The film doesn't ignore the benefits of regulations, such as HIPAA's privacy protections, but shows that such regulations do take considerable time away from direct patient care.
"We're not comfortable with this...we became doctors to be with our patients," says McGarry.

McGarry doesn't debate the law's intention — "We all want privacy and we all think it's important," he says. But so many delays in care delivery are caused by minutes spent on HIPAA-mandated minutiae. Anything that takes time away from direct patient care is worth examining, especially during a Code Black — when the ER is overrun with patients waiting hours upon hours to be seen.

At LA County, patients presenting to the ER are given a score from 1 to 4, with 1 denoting patients with the most emergent conditions. At LA County, level 2 patients can wait from 10-15 hours to be seen.

The film puts a face (or rather, faces) on America's healthcare access problem and highlights some of the other "well-intentioned" policies that end up exacerbating access issues.

For example, a state-regulated nurse-to-patient ratio forces ER administrators to shut down a wing. In California, where nurses are in high demand, LA County's ER lost 15 nurses during a four-month span during filming. And, privacy regulation prohibit doctors from treating patients anywhere other than a private room, creating backlogs of patients as doctors wait for rooms to turnover.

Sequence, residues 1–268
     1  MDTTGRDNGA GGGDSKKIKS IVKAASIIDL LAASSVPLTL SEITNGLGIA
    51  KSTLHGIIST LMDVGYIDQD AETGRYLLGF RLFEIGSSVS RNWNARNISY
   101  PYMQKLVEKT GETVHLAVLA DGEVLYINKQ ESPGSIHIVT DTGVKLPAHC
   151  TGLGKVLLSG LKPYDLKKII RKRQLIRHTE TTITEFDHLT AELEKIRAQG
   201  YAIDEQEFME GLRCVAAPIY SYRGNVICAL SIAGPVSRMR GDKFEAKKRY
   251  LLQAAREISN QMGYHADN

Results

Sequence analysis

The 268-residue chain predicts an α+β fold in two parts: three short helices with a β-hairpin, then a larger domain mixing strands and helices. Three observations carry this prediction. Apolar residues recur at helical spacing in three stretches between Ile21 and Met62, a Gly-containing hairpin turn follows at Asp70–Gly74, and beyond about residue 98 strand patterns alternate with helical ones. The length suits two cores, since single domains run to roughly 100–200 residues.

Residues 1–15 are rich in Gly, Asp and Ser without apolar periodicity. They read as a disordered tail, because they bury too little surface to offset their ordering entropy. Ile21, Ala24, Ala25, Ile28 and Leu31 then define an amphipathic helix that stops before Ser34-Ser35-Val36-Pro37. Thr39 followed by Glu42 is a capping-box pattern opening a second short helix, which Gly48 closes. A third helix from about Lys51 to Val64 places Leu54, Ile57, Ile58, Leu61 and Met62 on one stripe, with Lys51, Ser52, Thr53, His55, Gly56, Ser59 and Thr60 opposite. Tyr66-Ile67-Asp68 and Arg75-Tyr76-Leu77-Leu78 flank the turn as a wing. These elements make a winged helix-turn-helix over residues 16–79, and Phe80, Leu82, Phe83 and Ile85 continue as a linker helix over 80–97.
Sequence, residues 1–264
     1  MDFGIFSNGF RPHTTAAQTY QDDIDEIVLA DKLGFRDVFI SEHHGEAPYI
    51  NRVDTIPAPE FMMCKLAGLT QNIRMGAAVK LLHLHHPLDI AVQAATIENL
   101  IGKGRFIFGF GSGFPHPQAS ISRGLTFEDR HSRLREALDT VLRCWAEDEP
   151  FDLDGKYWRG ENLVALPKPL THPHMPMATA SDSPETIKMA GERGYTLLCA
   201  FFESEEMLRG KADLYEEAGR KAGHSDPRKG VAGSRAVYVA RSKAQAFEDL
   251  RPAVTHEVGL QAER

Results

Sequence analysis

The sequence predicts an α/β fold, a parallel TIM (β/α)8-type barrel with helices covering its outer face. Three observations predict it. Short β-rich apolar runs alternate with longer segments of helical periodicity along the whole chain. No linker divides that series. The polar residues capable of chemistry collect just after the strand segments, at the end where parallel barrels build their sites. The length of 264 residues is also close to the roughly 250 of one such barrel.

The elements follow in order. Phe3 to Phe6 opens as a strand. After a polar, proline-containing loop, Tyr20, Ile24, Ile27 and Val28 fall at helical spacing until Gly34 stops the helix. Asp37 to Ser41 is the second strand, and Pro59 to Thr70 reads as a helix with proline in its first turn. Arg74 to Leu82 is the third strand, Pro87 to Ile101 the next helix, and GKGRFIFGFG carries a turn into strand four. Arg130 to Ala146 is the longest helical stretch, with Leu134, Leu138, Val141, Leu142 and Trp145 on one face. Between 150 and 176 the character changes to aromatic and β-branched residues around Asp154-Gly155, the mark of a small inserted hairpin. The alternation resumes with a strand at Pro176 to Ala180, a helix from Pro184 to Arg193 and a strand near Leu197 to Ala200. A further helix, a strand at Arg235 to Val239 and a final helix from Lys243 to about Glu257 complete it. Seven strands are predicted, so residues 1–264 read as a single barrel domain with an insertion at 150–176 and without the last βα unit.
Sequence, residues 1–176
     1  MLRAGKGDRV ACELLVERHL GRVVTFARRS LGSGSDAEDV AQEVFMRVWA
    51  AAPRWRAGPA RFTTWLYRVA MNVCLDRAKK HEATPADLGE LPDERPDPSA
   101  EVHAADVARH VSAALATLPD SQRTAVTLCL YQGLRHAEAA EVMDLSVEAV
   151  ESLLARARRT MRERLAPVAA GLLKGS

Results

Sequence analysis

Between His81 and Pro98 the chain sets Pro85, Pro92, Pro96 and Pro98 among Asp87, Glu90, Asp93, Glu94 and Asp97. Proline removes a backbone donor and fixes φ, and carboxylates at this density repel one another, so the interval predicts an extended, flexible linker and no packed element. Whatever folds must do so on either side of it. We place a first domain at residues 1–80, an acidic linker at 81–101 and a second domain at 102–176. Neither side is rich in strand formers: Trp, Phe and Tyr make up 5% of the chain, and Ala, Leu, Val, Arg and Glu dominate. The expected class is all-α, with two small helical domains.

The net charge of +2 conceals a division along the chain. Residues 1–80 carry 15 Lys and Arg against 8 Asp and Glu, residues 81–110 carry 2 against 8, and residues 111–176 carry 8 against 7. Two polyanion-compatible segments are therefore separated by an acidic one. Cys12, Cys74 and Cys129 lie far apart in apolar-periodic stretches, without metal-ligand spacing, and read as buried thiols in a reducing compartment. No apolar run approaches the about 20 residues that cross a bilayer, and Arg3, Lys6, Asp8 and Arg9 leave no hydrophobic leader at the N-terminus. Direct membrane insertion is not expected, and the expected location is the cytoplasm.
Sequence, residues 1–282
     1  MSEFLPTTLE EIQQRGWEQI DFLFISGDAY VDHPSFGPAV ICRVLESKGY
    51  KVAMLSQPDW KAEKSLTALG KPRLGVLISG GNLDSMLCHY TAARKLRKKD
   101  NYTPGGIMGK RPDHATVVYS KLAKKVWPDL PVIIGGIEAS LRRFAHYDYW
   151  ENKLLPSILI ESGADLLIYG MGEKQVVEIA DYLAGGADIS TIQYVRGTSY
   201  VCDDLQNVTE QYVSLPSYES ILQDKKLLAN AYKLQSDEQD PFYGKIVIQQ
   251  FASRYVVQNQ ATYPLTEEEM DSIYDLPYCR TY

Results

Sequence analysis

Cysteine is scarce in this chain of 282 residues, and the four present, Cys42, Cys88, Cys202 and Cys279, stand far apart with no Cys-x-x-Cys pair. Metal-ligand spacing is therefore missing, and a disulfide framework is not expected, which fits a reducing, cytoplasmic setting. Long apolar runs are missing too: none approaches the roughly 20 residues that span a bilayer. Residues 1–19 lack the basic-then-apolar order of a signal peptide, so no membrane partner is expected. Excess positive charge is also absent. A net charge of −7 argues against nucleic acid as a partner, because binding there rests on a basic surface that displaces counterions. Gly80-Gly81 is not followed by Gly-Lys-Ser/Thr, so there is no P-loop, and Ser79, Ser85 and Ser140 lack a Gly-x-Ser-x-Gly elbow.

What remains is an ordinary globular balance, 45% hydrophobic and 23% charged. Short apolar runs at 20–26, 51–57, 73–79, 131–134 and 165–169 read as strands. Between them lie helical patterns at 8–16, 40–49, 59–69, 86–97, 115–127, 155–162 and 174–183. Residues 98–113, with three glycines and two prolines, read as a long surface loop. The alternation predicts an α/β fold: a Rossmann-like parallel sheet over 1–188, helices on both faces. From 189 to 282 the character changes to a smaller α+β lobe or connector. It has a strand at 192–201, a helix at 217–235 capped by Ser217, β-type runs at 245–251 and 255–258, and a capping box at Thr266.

"The message is there needs to be balance," McGarry said after the screening. "It seems like we've gone maybe a bit too far in the other direction. Well-intentioned policy doesn't really benefit you the patient or you the provider."


What healthcare can learn from Harley-Davidson


What emotional response does your healthcare brand trigger for patients?

Medicine X, a conference hosted by Stanford on emerging healthcare technology, took place last weekend on the university's campus. Among the speakers — which included Amir Dan Rubin, president and CEO of Stanford Hospitals & Clinics, and Robert Pearl, MD, CEO of Kaiser Permanente Medical Group — Julie Wheelan, vice president of marketing for healthcare innovation incubator Edison National Medical, discussed patient-centric care, and the confusion surrounding it.